Volume Serial Number is 94C7-D124

             Directory of C:\AMD64

            03/22/2006  07:00 AM            37,033 SYMMPI.SY_
                       1 File(s)         37,033 bytes
        — Bad Output —
            C:\>dir /s symmpi.sy_
            Volume in drive C has no label.
             Volume Serial Number is 94C7-D124
            File Not Found
        — end example output —

– If it turns out that you have a copy of SYMMPI.SY_ on your computer, note the location, in the case above its C:\AMD64

–type H: and press ENTER
All we have to do now is extract the file.
–type extract C:\AMD64\SYMMPI.SY_ C:\WINDOWS\SYSTEM32\DRIVERS\SYMMPI.SYS
Note: If you get an error about extract not being a valid 32 bit application you’re not in the right path. It is trying to use the 64 binary. type H: and press enter and try again.
extract should complete.
–type dir c:\windows\system32\drivers\SYMMPI.SYS
        OR
– If it turns out that you do not have a copy of SYMMPI.SY_ you will need to copy it off of your 64Bit Windows installation media.
Put the CD-ROM in your drive
Figure out which drive letter BartPE has assigned to your CD-ROM Drive (I will assume it is D:)
– type D: and press ENTER
– type dir /s SYMMPI.SY_
— Good Output —
C:\>dir /s SYMMPI.SY_
Volume in drive D has no label.
Volume Serial Number is 94C7-D124
Directory of D:\AMD64
03/22/2006  07:00 AM            37,033 SYMMPI.SY_
                                    1 File(s)         37,033 bytes
— Bad Output —

C:\>dir /s SYMMPI.SY_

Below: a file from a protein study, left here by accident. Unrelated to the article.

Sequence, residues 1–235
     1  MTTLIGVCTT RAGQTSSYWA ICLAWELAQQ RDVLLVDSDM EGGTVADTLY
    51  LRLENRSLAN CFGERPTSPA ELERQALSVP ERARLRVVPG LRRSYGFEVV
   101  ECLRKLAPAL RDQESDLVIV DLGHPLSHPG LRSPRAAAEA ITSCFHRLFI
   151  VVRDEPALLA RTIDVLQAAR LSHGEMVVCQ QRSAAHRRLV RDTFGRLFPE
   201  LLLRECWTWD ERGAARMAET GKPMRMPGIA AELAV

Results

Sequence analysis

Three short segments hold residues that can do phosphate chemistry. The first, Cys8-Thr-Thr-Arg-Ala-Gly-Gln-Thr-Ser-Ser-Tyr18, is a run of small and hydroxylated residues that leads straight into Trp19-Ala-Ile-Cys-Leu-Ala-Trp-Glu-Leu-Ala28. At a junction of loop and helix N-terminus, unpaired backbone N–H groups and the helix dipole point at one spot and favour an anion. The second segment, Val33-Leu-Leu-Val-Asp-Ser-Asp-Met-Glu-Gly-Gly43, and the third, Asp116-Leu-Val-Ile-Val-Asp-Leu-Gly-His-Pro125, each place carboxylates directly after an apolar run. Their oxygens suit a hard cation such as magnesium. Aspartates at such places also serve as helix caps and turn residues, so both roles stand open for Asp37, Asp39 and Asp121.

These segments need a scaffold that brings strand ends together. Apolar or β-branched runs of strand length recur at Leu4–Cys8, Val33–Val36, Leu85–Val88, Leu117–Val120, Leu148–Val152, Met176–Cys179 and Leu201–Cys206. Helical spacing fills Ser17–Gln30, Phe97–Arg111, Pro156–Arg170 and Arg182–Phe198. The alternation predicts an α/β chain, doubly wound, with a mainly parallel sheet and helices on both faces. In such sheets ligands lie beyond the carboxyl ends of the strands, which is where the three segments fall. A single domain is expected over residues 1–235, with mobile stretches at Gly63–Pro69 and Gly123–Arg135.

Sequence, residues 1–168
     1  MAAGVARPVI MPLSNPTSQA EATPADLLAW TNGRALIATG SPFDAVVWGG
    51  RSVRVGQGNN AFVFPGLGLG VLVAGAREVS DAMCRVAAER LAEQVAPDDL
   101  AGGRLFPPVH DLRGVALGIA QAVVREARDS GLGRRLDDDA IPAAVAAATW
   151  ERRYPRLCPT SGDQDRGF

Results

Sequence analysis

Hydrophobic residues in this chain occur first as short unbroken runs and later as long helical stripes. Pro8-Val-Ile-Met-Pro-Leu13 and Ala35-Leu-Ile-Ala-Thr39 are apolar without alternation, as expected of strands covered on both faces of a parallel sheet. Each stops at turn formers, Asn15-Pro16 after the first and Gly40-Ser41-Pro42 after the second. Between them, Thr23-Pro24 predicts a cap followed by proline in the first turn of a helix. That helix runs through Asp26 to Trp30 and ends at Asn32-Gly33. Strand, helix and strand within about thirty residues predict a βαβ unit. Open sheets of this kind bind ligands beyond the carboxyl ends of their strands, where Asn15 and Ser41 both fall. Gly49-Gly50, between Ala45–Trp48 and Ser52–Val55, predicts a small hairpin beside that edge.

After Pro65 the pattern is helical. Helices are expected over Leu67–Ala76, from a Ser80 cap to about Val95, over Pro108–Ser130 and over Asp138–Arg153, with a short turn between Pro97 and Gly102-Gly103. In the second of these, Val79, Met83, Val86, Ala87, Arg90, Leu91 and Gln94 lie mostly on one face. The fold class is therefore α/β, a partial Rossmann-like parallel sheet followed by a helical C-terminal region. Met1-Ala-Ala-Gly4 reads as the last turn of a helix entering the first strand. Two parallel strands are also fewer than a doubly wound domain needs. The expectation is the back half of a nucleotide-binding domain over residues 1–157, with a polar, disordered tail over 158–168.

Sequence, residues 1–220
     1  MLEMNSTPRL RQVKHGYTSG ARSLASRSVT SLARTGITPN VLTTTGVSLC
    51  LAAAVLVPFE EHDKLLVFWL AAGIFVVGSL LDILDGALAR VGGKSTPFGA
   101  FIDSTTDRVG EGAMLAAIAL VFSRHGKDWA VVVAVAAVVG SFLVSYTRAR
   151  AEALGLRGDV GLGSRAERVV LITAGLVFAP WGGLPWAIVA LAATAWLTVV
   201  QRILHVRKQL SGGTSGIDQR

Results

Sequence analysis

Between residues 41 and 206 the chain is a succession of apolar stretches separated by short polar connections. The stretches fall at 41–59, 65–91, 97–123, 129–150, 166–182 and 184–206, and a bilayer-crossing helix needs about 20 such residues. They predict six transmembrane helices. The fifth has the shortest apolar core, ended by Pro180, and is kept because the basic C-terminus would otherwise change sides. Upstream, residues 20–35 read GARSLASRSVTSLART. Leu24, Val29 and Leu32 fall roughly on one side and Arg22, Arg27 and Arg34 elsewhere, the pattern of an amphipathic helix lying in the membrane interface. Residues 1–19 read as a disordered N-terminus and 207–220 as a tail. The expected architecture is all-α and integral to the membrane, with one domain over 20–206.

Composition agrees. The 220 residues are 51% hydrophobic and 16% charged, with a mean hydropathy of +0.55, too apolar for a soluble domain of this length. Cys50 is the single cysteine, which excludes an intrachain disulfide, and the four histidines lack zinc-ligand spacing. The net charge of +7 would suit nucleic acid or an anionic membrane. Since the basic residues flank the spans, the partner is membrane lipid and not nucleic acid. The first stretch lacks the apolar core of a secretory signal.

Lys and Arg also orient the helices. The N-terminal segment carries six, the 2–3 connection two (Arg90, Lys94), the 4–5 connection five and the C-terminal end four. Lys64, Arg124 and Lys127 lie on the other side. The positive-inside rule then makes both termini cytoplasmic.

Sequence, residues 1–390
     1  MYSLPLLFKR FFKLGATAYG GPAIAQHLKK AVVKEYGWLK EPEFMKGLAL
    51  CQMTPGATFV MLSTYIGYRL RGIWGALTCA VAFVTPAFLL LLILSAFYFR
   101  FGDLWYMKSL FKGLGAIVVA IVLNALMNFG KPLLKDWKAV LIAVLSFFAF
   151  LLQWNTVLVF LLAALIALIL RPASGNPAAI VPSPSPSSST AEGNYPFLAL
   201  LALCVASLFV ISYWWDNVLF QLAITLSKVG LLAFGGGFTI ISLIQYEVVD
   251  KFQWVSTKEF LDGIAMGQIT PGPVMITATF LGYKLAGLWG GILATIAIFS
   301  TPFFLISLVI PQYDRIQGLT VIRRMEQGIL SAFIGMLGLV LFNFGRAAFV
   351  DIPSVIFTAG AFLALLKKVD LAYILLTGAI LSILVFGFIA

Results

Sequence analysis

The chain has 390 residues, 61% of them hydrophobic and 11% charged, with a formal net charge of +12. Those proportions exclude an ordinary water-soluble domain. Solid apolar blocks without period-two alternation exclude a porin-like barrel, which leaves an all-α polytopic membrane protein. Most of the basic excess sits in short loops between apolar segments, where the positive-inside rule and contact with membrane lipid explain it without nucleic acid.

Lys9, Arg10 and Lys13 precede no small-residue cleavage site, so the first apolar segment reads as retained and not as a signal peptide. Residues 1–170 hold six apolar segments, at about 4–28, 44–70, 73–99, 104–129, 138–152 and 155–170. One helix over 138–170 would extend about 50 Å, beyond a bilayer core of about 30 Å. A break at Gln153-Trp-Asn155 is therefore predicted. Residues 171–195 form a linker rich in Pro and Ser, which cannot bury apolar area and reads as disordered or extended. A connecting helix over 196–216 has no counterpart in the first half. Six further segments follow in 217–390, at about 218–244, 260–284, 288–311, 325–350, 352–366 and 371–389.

Volume in drive D has no label.
Volume Serial Number is 94C7-D124
File Not Found
— end example output —
– type H: and press ENTER
All we have to do now is extract the file.
– type extract D:\AMD64\SYMMPI.SY_ C:\WINDOWS\SYSTEM32\DRIVERS\SYMMPI.SYS
Note: If you get an error about extract not being a valid 32 bit application you’re not in the right path. It is trying to use the 64 binary. type H: and press enter and try again.
extract should complete.
– type dir c:\windows\system32\drivers\SYMMPI.SYS

I will assume that the SYMMPI.SYS file is now in c:\windows\system32\drivers\SYMMPI.SYS
——–

Now we are ready to muck around in the registry
Now is about the time where I really hope you took my advice and made a backup of “Broken Virtual Machine”.

–pci#ven_1000&dev_0030
–type H: and press ENTER
–type regedit and press ENTER
–You should be presented with regedit (hope you backed up your VM… da da da..)
As you are currently viewing the Windows registry for your Live CD environment and that is just next to useless, we’re going to load a different hive.
–Click on HKEY_LOCAL_MACHINE, then click on FILE -> Load Hive
–Navigate to your boot drive (C:) and then to C:\WINDOWS\SYSTEM32\CONFIG
–Double-click on system, it will present you with a dialog box asking what to name the new hive call it something such as SYSTEM2 (it doesn’t really matter)
–SYSTEM2 is the actual system hive for “Broken Virtual Machine”, neat huh?
A word about regedit in BartPE for whatever reason I would say 60% of the time I tried to load this hive regedit would close, if you try it enough times it will actually work.
–expand SYSTEM2 -> ControlSet001 -> Control -> CriticalDeviceDatabase
–Look for a key called pci#ven_1000&dev_0030
–if you have a key called pci#ven_1000&dev_0030
–click on pci#ven_1000&dev_0030
–There should be two strings in pci#ven_1000&dev_0030
–ClassGUID which has a value of {4D36E97B-E325-11CE-BFC1-08002BE10318}
–Service which has a value of symmpi
–if those two strings are either not present in pci#ven_1000&dev_0030 or contain different information, change them.       
        OR
–if you do not have a key called pci#ven_1000&dev_0030
–RIGHT-CLICK on the LEFT PANE and click new -> key
–key name is pci#ven_1000&dev_0030
–RIGHT-CLICK in the RIGHT PANE and click new -> string value the name of this value is ClassGUID the value is {4D36E97B-E325-11CE-BFC1-08002BE10318}
–RIGHT-CLICK in the RIGHT-PANE and click new -> string value the name of this value is Service the value is symmpi

You should now have the first of two required registry keys properly setup.
———

–symmpi

–While still in regedit click all of the – symbols to close all of the open keys until you are back at the main hives.
–expand SYSTEM2 -> ControlSet001 -> Services
–if you have a service called symmpi left-click on it.
    OR